Many scientists move multiple times throughout their careers, sometimes beginning with leaving home for university, or perhaps for a Ph.D., postdoc, or position at a university, governmental organization, or industry. These moves may be domestic, but are also oftentimes international. The experiences resulting from relocation can have both positive and negative aspects, but are often necessary in order to establish oneself as a scientist.

Changing institutions throughout one’s career is often seen as an essential step to ensure professional development, personal growth, and to broaden research perspectives. There are many benefits associated with living and conducting research in a variety of places. Researchers are able to experience different approaches to research and network with new colleagues, all while potentially ‘ticking off’ the boxes necessary for long-term employment, such as publishing research and teaching.

Anna collecting data on bats in Guy Fawkes River National Park in Australia.
Anna collecting data on bats in Guy Fawkes River National Park in Australia.

But living abroad isn’t always easy – or wanted. A shrinking job market in academia may sometimes “force” scientists to ‘move where the job is’, leaving little room for choice when relocating. There are visa applications, potentially large upfront costs (especially for graduate students whose moving expenses are likely not covered), cultural differences or language barriers that may be difficult to navigate, and personal relationships or family costs (emotional and financial), amongst others. For some academics, there is also the added stress of the “two-body problem” when both partners need to find opportunities in the same location.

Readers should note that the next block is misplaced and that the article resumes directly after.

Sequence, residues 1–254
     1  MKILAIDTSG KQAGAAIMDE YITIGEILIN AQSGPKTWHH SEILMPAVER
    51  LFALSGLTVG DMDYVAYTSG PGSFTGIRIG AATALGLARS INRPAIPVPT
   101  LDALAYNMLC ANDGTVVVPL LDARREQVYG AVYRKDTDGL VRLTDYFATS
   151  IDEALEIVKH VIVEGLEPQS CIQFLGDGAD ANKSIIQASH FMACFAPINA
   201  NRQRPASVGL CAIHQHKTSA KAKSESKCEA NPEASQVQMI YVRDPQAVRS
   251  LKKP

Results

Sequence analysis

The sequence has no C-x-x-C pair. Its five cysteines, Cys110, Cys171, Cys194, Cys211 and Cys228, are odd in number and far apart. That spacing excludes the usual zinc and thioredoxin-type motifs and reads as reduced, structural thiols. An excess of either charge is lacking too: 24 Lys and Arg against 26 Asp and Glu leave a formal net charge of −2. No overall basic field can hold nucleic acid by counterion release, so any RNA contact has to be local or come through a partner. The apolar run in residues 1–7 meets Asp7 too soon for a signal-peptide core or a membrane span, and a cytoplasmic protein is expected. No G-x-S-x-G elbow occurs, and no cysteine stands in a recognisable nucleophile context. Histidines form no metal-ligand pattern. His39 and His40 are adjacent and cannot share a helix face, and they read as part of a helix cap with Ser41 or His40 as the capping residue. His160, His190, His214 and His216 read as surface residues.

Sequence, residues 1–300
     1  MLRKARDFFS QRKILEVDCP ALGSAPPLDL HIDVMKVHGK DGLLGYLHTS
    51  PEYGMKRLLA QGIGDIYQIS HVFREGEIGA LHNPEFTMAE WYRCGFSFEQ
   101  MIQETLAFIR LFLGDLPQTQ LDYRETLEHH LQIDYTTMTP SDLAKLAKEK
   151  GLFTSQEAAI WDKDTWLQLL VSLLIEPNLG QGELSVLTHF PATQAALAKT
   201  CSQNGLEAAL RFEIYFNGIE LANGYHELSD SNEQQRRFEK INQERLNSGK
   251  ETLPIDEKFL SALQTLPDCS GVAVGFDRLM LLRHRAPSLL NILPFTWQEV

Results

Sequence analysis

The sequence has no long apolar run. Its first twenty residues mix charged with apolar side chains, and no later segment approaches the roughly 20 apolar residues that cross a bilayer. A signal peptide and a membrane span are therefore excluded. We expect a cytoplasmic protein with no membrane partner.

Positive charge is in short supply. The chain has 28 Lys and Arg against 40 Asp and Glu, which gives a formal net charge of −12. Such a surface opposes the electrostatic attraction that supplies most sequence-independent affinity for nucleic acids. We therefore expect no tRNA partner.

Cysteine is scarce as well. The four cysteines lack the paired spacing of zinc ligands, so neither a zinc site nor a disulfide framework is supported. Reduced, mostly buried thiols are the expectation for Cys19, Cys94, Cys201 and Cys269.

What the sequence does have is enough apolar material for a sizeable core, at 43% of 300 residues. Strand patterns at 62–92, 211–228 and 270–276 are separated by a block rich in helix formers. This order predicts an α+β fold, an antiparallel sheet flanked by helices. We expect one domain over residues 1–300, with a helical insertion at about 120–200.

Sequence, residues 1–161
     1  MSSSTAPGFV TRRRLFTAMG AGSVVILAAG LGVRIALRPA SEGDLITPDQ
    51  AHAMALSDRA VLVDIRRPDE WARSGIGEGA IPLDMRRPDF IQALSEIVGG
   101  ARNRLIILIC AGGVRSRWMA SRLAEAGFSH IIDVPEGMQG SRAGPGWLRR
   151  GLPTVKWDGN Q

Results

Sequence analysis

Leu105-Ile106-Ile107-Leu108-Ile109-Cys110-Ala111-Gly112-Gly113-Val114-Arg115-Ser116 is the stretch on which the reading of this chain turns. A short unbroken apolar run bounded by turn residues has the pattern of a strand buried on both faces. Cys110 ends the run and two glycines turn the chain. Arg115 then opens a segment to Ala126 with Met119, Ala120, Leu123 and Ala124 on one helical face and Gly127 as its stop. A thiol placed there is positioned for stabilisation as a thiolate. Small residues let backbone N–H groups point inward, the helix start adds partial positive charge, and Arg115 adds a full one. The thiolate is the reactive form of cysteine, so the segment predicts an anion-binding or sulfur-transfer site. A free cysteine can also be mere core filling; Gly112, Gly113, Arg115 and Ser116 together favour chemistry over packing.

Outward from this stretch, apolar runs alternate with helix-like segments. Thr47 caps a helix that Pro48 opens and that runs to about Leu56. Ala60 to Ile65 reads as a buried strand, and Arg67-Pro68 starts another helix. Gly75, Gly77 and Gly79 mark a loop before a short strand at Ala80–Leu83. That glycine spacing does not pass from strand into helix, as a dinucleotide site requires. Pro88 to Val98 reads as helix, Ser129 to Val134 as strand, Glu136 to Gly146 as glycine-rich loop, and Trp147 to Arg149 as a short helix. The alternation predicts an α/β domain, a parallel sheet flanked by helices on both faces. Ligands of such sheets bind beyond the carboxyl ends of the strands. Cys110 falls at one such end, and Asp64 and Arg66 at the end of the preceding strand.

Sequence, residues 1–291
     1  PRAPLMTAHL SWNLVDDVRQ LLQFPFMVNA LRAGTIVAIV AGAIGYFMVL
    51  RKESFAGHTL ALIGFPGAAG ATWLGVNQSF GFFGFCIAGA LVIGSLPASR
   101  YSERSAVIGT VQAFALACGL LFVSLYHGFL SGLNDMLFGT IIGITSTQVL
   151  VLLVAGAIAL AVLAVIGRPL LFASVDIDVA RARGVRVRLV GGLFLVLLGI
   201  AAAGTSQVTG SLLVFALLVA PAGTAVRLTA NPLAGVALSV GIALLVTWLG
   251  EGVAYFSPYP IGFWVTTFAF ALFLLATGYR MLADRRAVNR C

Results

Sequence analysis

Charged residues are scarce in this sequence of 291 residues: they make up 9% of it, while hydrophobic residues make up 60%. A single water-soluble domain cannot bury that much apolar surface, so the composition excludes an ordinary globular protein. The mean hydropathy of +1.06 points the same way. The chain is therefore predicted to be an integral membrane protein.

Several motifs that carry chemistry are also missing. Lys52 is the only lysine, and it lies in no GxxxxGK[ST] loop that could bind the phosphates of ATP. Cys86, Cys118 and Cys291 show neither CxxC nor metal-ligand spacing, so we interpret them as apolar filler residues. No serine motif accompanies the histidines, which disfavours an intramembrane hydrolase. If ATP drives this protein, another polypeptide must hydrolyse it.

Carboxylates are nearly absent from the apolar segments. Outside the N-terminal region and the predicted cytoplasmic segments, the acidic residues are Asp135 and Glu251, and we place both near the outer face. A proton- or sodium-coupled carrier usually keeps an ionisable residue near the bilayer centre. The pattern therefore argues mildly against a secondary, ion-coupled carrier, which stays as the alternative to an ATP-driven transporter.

Blog Editors Anna Doty and Hugo Saiz both have experience living abroad, covering a range of countries in almost every continent, including South Africa, Australia, Spain, France, Switzerland, Argentina and United States (Arkansas, California and Illinois). Each of these geographic areas presented new opportunities and hurdles. For example, in Australia, Anna was never afraid of being on her own in the field.

“I rarely ever saw other people at field sites, and much to the surprise of folks not from Australia, I rarely saw deadly creatures (personally, I am more nervous about encountering a mountain lion than any snake or spider found in Australia!).”

Hugo looking for hidden boxwood seedlings in Ordesa and Monte Perdido National Park.
Hugo looking for hidden boxwood seedlings in Ordesa and Monte Perdido National Park.

On the other hand, Hugo had to watch out when going to his office because of the presence of “Chagas” vectors in the gardens of the institute. 

Apart from research duties, both enjoyed local specialties such as fried pickles in Arkansas or any French ‘patisserie’, experienced different cultures and landscapes, and made friends along the way.

Hugo and Anna decided to ask some of their fellow ecologists what their experiences have been like moving abroad, sometimes resulting in permanent international relocation. They wanted to know if their peers experienced anything unexpected, such as a major differences in research practices or difficult cultural hurdles, and how moving has shaped their perspectives as scientists. In this series we share the experiences of other ‘globetrotters’ in ecological sciences, who have traveled all over the world during their research career.

Posts from the Moving Ecology Series will be published soon! For more international perspectives, read our series on Getting Your PhD Around the World.